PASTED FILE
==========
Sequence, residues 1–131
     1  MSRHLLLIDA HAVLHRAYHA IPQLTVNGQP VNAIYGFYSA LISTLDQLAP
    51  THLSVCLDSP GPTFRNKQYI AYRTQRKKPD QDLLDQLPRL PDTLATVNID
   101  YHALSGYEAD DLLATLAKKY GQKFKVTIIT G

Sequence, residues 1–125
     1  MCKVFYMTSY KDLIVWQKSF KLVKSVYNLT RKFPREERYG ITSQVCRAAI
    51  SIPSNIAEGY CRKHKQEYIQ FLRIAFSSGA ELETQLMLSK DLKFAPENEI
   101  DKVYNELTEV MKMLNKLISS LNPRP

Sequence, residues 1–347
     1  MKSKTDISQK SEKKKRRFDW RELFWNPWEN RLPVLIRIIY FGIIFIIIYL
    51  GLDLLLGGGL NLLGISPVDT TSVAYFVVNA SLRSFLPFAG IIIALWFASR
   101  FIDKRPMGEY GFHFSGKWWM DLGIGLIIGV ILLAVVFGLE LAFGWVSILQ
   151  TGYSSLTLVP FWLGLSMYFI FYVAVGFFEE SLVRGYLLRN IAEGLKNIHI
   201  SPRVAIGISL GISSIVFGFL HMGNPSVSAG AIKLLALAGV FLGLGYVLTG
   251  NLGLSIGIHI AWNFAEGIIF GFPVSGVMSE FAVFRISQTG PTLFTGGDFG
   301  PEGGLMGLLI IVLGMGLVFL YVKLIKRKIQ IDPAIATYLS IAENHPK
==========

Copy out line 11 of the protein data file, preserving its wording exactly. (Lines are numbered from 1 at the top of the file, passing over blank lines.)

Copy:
    51  GLDLLLGGGL NLLGISPVDT TSVAYFVVNA SLRSFLPFAG IIIALWFASR